Julie has been in the wine business since 2003. She started working in France and shortly after moved to Ireland with a short stop in Belgium, Luxembourg and Scotland too.
Her education started with languages and French literature studies, but she decided to go to catering as she wanted to become a sommelier. Julie passed her “mention complementaire sommellerie” in 2003. Since then she has studied with the WSET and achieved Diploma in 2015 as well as WSET Level in Sake in 2017.
She has held the title of best sommelier of Ireland since 2009. Before competing in Ireland, she entered the Best Sommelier in France in 2008 and was one of the 12 semi-finalists.
Julie also competed at the World Championship in Tokyo and Mendoza and the European championship in San Remo and Vienna.
Her best international performance was at the World Sommelier Contest in Mendoza 2016, where she placed 3rd.
Her dream is to show to the world that a lady can be No1 in the world of sommellerie.
Her qualities as a sommelier are widely recognised and as a judge in some of the most prestigious wine events in the world, the Decanter Awards in London among others.
Today she is working as a sommelier in a Michelin-star restaurant called Chapter One in Dublin 1.
As Best Sommelier of Ireland in 2018, we asked her few questions, and here is her response:
Q1: You won the sommelier contest in Ireland in 2018. Did you expect it and how do you feel about it?
Julie: I am delighted to have won the title of Best Sommelier of Ireland again. You can’t ever expect to win a competition. You can be confident that you have done the work and that you have the potential to earn it, but you still need to be able to deliver your best on the day. Things went very well this time, and I am delighted with the result.
Q2: How do you think the title of Best Sommelier of Ireland will change your life?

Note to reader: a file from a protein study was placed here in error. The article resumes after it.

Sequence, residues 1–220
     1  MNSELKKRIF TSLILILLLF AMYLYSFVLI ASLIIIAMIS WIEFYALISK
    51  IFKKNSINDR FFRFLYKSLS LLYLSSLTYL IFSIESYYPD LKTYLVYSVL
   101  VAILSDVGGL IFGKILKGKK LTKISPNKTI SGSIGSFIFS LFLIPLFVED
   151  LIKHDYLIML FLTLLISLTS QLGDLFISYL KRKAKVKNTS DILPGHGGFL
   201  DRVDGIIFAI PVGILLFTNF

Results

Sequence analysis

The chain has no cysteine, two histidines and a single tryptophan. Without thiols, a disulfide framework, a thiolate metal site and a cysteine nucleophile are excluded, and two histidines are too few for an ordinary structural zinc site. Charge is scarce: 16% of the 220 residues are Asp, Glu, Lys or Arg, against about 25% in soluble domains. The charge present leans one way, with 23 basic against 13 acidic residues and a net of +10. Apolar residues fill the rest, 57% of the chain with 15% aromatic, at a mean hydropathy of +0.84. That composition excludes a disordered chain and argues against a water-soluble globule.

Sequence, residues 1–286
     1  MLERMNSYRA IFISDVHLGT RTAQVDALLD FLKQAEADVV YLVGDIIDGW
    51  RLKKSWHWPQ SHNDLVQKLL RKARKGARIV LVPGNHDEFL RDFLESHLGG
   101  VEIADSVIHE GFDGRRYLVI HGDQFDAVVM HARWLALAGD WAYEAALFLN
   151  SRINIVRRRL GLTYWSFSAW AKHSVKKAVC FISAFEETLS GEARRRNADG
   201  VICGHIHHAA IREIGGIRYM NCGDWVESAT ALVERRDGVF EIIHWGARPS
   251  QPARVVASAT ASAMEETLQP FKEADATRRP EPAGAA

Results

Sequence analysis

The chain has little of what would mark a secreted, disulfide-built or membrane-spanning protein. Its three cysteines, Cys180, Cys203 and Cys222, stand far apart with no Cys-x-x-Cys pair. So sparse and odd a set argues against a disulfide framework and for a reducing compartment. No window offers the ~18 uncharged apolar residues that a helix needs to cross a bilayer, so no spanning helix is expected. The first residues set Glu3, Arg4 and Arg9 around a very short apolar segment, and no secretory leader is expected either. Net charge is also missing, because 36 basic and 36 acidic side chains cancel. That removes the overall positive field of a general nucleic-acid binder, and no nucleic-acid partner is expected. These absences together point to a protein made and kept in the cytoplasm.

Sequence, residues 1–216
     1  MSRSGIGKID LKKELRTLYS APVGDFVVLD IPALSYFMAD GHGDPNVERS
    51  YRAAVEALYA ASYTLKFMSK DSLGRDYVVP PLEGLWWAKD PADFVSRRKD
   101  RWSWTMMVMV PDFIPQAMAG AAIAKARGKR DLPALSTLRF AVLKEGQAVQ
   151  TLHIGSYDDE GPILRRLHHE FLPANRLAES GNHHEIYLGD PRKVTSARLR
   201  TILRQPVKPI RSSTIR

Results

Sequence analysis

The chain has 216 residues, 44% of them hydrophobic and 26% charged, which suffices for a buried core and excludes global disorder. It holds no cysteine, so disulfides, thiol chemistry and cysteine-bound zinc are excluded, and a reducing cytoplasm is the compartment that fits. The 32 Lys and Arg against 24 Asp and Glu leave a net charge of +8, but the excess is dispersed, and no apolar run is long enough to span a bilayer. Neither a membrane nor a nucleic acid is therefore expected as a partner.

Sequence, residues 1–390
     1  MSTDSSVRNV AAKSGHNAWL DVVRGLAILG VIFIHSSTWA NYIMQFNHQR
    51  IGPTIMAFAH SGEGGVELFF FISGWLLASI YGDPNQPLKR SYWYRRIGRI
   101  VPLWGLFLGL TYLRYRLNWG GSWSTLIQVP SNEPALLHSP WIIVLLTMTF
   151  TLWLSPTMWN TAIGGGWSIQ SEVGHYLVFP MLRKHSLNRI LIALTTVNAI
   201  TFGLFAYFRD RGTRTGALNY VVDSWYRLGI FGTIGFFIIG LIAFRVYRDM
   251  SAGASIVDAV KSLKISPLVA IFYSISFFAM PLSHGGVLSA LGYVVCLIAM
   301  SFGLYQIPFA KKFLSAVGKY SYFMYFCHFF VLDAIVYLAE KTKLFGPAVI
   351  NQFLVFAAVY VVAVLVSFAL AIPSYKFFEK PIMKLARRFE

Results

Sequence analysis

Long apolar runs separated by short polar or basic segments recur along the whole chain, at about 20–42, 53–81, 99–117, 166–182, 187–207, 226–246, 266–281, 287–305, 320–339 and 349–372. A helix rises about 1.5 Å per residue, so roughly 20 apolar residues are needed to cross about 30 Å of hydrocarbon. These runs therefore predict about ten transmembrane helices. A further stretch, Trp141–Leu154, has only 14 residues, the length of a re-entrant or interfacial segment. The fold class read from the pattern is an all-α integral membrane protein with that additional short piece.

Julie: I am incredibly proud to have won Best Sommelier, and hopefully this will give me the opportunity to work towards my ultimate goal and dream which would be the first woman to win the World title. This title would then allow me the platform to inspire other sommeliers, particularly women.
Q3: What is the status of sommeliers in Ireland? What can be improved?
Julie: Despite the fact that we do see a considerable amount of improvement regarding the wine culture in Ireland, there are not many sommeliers in the country. First of all, there is no official qualification delivered in the country to become a sommelier. I think it would be fantastic if we could see a sommelier certificate offered by the catering schools in Ireland. The WSET is very present, but the focus is on knowledge and not the service aspect of the job. A few people in the country now travel around Europe to attend the Court of Master Sommelier classes which shows that there is a growing interest and that people are willing to invest in their wine qualification, often taking time off on their holidays, but I believe that it should be available in the country.
Q4: You have a great knowledge about food and wine. What do you think you can do to promote your national beverages and gastronomy?
I absolutely love the food offering in Ireland lately. The standards of quality, especially when it comes to meat, dairy products, locally grown vegetables and sea food is outstanding and I do my best to spread the good word as much as I can on social media. I also have been invited to talk at “Food on the Edge” this coming October which is a great honour as ethical eating and food education is a topic which is very dear to me. Regarding beverages the offering of craft beers, gin and whisky has boomed in the last few years and I am always proud to bring some examples with me to different countries I go to introduce them to my colleagues and peers. In Chapter One Restaurant we also have by the glass the only Irish wine produced by Lusca and a strawberry wine produced by the Wicklow Way Wines, it gives an opportunity to the tourists visiting the restaurant to sample some local beverages and to the locals to discover some products they might not be familiar with.